The Scent of Rain by Kristin Billerbeck
Thomas Nelson, 305 pages
Could it be that the life Daphne’s always wanted is right under her nose?
Daphne Sweeten left Paris–and a job she loved–to marry the man of her dreams in the U.S. But when he stands her up on their wedding day, she’s left reeling and senseless. Literally. She’s been trained as a perfume creator and now her sense of smell has disappeared along with her fiance.
She has to figure out why her nose isn’t working, fix it, and get back to Paris. Meanwhile, she’ll rely on her chemistry skills and just hope her new boss at Gibraltar Products, Jesse, doesn’t notice her failing senses. They’ll be working together on household fragrances, not posh perfumes. How hard can it be?
As Daphne and Jesse work on a signature scent for their new line, she feels God at work as never before. And the promise of what’s possible is as fresh as the scent of rain.
Daphne Sweeten is a professional nose — by that, we mean she’s a chemist who is trained to be a perfume creator. When she gets stood up on her wedding day, though, her sense of smell disappears. Trying to piece her life back together, she works for a small company in Ohio, hoping to get her sense of smell back and fly back to Paris, which she gave up for the supposed love of her life. But her new job requires her nose, too, and her new boss, Jesse, doesn’t seem to notice that she cannot smell anything. They’re not creating perfume anyway — she can definitely do this, right?
I’ve always considered Kristin Billerbeck books as a comfort read ever since I read and liked her Ashley Stockingdale series years ago. It’s been years since I last read a Billerbeck book, but even so, it was easy enough for me to get immersed in the book. There’s a certain familiarity in the way she writes, in her characters and her stories that makes her books easy reading, hence the comfort read label. :)
The Scent of Rain has that Billerbeck formula — a girl who has some sort of romantic fiasco, a guy who’s all bad news for her and a guy who’s obviously good for her. Then there’s the supporting cast: the best friend, the family (who, more often than not, cares for the main character in a really strange way), and the church group who will help her get back on track. And there’s the villain, who we all hate, but we will eventually understand, because of something that will happen. This book has all the common ingredients in a nice and clean chick lit novel, with the bonus factor of the main character’s job, a perfume specialist. I really liked the scent aspect of the book, and it gave me a whole new perspective with how to scents work with our senses. And I agree — scents can bring memories! I remember holding on to a perfume bottle for so long because it reminded me of this particular memorable event in my life. :)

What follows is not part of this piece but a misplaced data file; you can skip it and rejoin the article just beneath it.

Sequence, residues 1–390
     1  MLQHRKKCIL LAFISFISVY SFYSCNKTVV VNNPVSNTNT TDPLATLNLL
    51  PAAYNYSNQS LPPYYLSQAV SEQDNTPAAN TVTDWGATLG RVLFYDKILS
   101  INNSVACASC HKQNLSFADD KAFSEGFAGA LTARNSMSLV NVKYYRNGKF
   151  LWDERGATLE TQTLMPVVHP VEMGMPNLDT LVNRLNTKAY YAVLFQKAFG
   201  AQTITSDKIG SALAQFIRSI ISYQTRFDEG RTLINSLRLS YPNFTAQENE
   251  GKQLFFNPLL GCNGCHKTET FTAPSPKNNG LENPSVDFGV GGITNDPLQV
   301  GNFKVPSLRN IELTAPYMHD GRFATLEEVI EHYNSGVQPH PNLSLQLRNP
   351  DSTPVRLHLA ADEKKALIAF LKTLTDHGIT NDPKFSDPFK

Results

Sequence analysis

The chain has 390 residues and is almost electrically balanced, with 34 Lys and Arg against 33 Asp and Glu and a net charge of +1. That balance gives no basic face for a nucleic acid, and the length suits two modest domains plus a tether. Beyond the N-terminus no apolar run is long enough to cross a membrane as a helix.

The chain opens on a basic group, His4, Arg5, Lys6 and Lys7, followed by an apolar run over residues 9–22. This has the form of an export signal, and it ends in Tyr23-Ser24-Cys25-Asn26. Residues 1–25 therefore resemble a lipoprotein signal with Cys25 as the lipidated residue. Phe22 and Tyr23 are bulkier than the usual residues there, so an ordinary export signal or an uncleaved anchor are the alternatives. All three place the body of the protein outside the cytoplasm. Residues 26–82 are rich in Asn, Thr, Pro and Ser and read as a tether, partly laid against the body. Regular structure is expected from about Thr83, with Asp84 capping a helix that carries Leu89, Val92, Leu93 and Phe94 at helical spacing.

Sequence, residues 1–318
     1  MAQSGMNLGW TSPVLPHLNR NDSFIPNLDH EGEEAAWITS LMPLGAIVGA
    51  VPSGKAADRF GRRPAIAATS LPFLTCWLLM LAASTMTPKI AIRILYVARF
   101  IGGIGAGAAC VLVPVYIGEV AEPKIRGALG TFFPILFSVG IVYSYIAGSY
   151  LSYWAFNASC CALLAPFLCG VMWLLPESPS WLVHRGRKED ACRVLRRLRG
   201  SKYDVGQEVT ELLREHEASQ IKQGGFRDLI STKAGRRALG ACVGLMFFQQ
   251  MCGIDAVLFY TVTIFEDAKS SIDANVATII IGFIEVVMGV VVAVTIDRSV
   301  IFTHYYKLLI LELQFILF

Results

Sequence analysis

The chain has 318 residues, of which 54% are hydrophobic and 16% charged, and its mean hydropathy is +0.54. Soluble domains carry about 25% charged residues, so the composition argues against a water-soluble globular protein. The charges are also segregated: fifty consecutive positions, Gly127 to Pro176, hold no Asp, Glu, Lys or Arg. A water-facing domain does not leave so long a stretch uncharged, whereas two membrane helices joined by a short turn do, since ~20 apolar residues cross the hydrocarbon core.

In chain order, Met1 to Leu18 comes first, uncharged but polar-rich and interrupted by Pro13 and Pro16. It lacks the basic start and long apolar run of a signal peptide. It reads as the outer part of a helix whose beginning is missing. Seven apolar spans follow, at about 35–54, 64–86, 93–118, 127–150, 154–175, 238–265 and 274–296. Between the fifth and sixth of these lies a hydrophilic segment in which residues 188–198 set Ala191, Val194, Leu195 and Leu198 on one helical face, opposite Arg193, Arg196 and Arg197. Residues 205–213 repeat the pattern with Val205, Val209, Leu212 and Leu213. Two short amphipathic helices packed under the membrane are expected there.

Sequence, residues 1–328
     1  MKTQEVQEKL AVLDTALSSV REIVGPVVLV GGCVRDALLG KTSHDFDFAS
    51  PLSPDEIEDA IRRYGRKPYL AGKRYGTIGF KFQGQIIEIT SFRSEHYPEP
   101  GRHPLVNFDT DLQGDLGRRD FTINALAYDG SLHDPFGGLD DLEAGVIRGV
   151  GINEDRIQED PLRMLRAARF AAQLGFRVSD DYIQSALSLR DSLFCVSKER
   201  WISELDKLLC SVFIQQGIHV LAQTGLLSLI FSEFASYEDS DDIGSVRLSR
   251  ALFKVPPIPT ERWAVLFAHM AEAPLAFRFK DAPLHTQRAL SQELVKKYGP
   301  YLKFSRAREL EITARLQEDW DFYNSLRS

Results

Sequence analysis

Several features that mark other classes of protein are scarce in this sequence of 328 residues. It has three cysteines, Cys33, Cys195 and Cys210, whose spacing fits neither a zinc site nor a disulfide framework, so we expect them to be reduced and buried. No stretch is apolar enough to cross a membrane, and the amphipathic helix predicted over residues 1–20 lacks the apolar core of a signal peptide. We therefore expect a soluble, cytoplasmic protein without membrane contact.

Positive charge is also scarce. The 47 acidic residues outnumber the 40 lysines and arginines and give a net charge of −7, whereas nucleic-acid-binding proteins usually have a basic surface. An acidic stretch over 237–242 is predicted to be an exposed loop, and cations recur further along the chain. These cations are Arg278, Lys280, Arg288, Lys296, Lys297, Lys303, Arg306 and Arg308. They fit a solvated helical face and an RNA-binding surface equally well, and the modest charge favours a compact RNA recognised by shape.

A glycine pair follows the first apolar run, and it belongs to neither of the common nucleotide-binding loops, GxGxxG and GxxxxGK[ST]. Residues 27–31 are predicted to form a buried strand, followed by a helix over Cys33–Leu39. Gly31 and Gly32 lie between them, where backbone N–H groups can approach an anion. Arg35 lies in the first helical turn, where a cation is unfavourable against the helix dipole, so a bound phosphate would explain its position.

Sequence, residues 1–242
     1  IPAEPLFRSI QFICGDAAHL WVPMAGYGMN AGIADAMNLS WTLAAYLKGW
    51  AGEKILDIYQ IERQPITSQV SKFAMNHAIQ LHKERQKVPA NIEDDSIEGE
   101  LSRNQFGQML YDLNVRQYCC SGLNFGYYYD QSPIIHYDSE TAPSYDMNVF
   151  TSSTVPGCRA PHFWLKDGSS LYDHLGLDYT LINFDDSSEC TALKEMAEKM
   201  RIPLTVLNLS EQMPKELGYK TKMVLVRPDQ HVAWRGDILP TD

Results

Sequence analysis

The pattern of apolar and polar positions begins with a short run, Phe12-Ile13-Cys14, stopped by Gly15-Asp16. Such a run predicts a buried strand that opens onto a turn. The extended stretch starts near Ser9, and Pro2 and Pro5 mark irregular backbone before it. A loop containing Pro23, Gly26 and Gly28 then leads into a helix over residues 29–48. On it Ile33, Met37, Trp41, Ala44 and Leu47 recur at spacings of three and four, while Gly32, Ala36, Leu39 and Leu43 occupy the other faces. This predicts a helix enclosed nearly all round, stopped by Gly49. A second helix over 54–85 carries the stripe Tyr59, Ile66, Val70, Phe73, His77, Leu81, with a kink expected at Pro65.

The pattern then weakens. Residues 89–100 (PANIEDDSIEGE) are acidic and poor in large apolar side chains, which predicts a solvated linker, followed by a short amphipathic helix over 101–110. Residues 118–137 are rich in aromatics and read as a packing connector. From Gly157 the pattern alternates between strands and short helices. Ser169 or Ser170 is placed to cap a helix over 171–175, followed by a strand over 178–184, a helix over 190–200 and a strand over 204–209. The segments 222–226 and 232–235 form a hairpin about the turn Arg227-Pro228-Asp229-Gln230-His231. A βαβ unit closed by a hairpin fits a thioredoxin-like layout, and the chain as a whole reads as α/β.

It’s a very enjoyable read, and I found myself rooting for Daphne and wishing that Jesse would finally make that step to move their relationship forward. I liked the set-up, though, and their relationship seemed very organic despite the short time they spent. There was just the right swoon, too, but not too much that it’s too cheesy. It was fun, but not mindless and it’s clean but not too prudish.
I think my only complaint is that certain event in the end that brought about the big changes — it felt a little too convenient despite it being a bit surprising, bordering on being a deus ex machina. But other than that, I really enjoyed reading The Scent of Rain. It’s not super duper amazing, but it’s good, and it makes me want to start looking for my own personal scent.
Reading this book ma makes me want to revisit the Ashley Stockingdale series to see if I still like it as much as I did on my first (and second) reads. Hmm.
My copy: ebook, from Netgalley
Wall to Wall Books